The discovery of the tomb of a former African slave who died in 1870 in the cemetery Presbítero Maestro could provide new hints about the living conditions of slaves during the nineteenth century in Lima. A team of specialists from PUCP is conducting research about his life.
Among colonels, sergeants and national independence heroes. The tomb of Joaquin Jayme, “native of Africa” (as his epitaph appears), lies only a few feet away from the one of acknowledged poet José Santos Chocano, in the cemetery Presbítero Maestro. How many people have walked by without even notice it was there? How many did see it? Certainly, one can see without observing, or overlook without paying the same attention of sociologist Ricardo Caro, from PUCP, few months ago. Just with a click and a photograph shared in social media, the work started as Dr. Jesús Cosamalón, professor of the Department of Humanities at PUCP, pertinently checked the documentation. The tomb belonged to a former slave, and its discovery was an unprecedented finding for the Peruvian history.
“There are no other cases like this one, not even in all Latin America. The discovery of the grave of a former slave that shows his first and last name,” said Cosamalón about the importance of the finding. According to him, the corpse could provide valuable information about the living conditions of slaves in ancient Lima. Facts like the kind of work they did, the diseases they had and their daily diet could be accessible. Caro adds: “Suddenly, this Peruvian case turns up, and tells us that slaves were not marginal, that they actually had a liaison with the State through documentation. The best part is that it can continue telling us about them.”
Joaquín Jayme died in 1870, soon after the fall of Lima’s wall, when he was allegedly 94 years old (as his tombstone states). He was probably born in the late eighteenth century and brought to Peru in the early nineteenth century. According to Cosamalón, the first records that give any information about his life are the documents that he filled in order to marry Francisca Arteaga. In one of the documents that he processed to obtain the matrimonial license, dated March 24, 1828 in the church of San Lázaro, he stated that he was “black of Carabalí caste, widower from Juana Baeza, who died in this city a year and a half ago, and Mrs. Manuela Muñiz’s slave.” Other important facts about this character can be found in his daughter’s, Rosa Jayme, birth certificate. She was baptized as “black” on April 21, 1830. The document points out that she was a “legitimate daughter of Joaquín Jayme and Francisca Arteaga, both free.” Accordingly, the 1860 census of Lima, conducted six years after the abolition of slavery in Peru, listed Joaquín as a 70-year-old black from Africa, and that he was a widower, a loader, illiterate, and the only resident of room 118 in Trujillano Street, in San Lázaro. Nevertheless, he was not a widower at the time, since abandoned Francisca died on May 20, 1886, in 136 Las Cabezas Street (on the fourth block of Jirón Virú, Rímac).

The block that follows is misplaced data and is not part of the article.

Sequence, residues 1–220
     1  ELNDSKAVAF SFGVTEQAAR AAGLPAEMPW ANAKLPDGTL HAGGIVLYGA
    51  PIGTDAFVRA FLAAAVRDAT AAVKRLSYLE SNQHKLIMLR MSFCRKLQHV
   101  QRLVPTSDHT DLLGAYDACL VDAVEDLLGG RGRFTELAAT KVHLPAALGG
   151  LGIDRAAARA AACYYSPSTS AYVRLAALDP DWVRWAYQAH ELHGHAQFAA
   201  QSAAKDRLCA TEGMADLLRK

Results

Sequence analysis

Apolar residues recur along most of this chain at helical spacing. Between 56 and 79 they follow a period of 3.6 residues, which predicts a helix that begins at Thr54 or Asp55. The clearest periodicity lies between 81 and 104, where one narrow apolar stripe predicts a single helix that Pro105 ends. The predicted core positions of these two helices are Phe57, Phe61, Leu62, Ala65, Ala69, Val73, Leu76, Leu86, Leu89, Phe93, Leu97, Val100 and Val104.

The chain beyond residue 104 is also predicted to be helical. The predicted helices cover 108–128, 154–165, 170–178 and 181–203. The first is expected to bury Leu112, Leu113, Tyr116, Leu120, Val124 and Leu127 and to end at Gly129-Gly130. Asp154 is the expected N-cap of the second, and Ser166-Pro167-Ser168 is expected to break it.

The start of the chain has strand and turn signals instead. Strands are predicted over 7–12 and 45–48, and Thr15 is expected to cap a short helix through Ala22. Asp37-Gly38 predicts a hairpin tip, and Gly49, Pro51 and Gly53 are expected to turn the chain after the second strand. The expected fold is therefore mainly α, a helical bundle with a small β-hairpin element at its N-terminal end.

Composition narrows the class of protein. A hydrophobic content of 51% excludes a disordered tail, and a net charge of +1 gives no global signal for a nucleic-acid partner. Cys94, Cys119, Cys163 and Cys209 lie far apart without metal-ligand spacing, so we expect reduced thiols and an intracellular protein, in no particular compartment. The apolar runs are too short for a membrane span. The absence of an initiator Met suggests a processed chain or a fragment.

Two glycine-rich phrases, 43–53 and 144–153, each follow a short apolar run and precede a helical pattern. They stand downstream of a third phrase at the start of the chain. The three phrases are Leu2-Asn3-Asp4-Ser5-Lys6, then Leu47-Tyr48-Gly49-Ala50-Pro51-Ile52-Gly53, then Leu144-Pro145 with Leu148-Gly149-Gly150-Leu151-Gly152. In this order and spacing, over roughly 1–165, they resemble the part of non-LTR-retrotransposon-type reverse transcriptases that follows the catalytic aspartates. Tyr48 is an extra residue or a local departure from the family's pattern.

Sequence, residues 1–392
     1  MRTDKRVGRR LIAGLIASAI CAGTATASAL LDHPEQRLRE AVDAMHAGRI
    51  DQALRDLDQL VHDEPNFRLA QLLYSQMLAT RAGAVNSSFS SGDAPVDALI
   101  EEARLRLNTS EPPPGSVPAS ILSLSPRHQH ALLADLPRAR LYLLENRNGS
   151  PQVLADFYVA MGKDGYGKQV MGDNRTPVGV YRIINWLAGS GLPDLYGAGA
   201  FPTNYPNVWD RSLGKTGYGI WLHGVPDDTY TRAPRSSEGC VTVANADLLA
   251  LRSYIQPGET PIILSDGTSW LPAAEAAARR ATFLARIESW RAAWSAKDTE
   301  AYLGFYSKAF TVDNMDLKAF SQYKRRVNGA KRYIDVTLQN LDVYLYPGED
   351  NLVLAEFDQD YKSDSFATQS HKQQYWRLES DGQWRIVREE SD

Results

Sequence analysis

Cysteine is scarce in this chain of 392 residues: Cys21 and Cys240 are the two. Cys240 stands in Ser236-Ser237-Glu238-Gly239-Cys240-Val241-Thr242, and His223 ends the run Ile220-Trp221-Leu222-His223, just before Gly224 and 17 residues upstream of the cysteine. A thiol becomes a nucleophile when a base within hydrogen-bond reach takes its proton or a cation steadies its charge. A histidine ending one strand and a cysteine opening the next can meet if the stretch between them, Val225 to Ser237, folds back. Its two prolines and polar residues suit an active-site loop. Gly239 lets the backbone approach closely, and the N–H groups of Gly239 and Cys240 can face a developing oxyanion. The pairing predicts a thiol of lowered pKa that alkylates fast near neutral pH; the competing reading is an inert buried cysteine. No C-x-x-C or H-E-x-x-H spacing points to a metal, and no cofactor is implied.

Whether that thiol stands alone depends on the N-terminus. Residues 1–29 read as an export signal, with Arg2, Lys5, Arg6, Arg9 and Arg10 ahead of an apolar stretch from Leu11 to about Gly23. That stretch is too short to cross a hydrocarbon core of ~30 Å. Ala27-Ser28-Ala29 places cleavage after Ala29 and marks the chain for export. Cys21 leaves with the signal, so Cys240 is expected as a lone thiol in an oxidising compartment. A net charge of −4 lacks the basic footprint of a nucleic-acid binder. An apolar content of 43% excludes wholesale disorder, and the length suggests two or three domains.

An unusual fact, according to the documentation that Cosamalón revised, is that Joaquín had a very expensive burial for the time. He was buried in a “perpetual niche” on the city’s mausoleum, the Presbítero Maestro. More precisely, in the San Vicente de Paúl quarter, section C, number 44. In a time when the common niche was between 1 and 16 Peruvian pounds, Jayme’s burial cost 96 pounds, and Mr. Francisco de P. García, of whom not much information exists, paid 80 of them. Jayme’s ex-wife and daughter, who died in 1908, had a very different fate.
Soon after the discovery of the tomb, the researchers contacted M.A. Maribel Arrelucea, professor at the Universidad de Lima, who specializes in Afro Peruvian history. “For the first time in Peru, we have found the remains of an individual who was a slave and then freed,” she says. “We have usually reconstructed the lives of slaves based on material remains and, especially, on punishment and control instruments, but there are very limited objects that slaves made themselves, and even less human remains. From the latter, we could know the living conditions of a slave. I was very excited with this finding because of my relationship with Afro-Descendant groups. This is significant not only in anthropological or historical terms, but for identity reaffirmation,” she says.
Caro, Cosamalón and Arrelucea agree that Joaquín Jayme’s case is unique because he lived in a Colonial and a Republican society, which allowed him to be a witness of the Independence and the construction of the Republic. “This has to do with a lost memory that used to be reconstructed based on remains and now has a proper name. The person who puts the tombstone there wanted to tell us a story. He wrote “native of Africa” on it because he wanted to stress where he came from. “Now, our challenge is to find what gave rise to it,” Caro said. According to the specialists, Joaquín’s life is representative because it could serve as an example of the thousands of Africans that came to Peru in similar conditions, and that have anonymously contributed to our national identities.
Did you know that…
– The General Cemetery of Lima opened in 1808. It was named after his designer, father Matías Maestro.
– In 1847, during President Castilla’s administration, the construction of the mausoleums was approved.
– The cemetery was appointed as Museum Cemetery Presbítero Maestro on June 9, 1999.
It is believed that the correct way to spell Joaquín’s last name was “Jayme” and not “Jaime,” as it is written in his tombstone and in some other documents. The mistake was common because the letters “y” and “i” were usually not differentiated.
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Translation: Rosario Yori.
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